Analysis of annual fluctuations of the air temperature in the Federation of Bosnia and Herzegovina shows that the coldest month is January, and July is the warmest. Average annual temperature in the mountain-basin central region is negative, ranging from -6.5°C on Bjelašnica to -0.5°C in Maglaj. Positive values of the mean January temperature are recorded in Konjic (0.8°C) and in Jablanica (1.6°C) where both are towns affected by maritime influences from the Neretva valley. Up in the north, mean January temperatures are negative reaching up to -1.0°C in Cazin and Gradačac. Meteorological station Bihać is an exception, where this value is positive at 0.3°C. In the south, mean January temperature peaks at 4.8°C in Mostar and 6.6°C in Neum.

In the central region, where mountain climate and mountain-basin climate dominate, mean July values range between 9.5°C on Bjelašnica and 20.7°C in Zenica. Due to significant orographic differences in the area, the difference in mean July temperature is more prominent here than in other parts of the country. In the south, these temperatures range between 23.7°C in Čapljina and 24.7 °C in Mostar. In the north, mean July temperatures reach 21.5°C (Orašje). The south-west of the Federation of Bosnia and Herzegovina records mean July temperatures ranging from 15.0°C in Kupres to 18.8°C in Drvar.

Mean temperature for climatological winter season (December - February) is higher in the south of the Federation compared to the continental part, which is due to the proximity of the sea, latitude, altitude and orographic features. Mean winter temperature in Ljubuški and Čapljina is 6.0°C, and 7.4°C in Neum. Locations with lowest values of mean winter temperatures are Glamoč -2.1°C, Makljen -2.2°C, and the coldest is Kupres with mean winter temperature of -2.9°C.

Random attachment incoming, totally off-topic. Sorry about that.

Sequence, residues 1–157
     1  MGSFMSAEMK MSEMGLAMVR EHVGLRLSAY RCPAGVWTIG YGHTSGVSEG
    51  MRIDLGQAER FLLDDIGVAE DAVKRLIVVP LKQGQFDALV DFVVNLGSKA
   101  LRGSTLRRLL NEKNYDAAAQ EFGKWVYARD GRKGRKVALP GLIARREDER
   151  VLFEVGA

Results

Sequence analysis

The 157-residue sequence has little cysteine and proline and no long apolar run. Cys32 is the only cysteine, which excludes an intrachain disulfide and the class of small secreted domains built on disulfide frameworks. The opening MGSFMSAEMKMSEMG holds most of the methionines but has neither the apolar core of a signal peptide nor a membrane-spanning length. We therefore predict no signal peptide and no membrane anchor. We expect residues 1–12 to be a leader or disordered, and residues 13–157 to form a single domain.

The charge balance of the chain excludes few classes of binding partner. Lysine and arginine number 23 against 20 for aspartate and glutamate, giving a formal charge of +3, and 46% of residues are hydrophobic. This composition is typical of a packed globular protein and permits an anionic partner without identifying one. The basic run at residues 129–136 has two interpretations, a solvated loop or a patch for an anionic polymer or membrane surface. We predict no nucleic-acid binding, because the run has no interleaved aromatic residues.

Bjelašnica is a good example of extreme weather. In that area, mean winter temperature is -6.0°C. There is also the lowest mean seasonal temperature amplitude, if we consider both winter and summer (14.8°C).

Autumn in the Federation (September – November) is on average warmer than the spring (March – May). These differences range from 0.1°C to 2.2°C, and are greater in the south compared to the continental part. Only the plains in the north have springs warmer than autumns by 0.3°C. The difference between mean temperatures of the coldest and the warmest month (January and July) is the greater up north in Orašje (21.8°C). The smallest annual amplitudes are recorded in Neum (18.0°C) and on Bjelašnica (16.0°C).

Absolute maximum air temperatures

The highest absolute maximums (41.0°C), on the territory of the Federation, are recorded on the south, in Mostar, Čapljina, Stolac, and Široki Brijeg. Above 2000 m, (Bjelašnica) the absolute maximum is 23.2°C. The amplitude of absolute temperature maximums reaches 18.0°C, which is less than the amplitude of the absolute temperature minimums which is 23.8°C. Absolute temperature maximums usually occur in July, sometimes August.

Absolute minimum air temperatures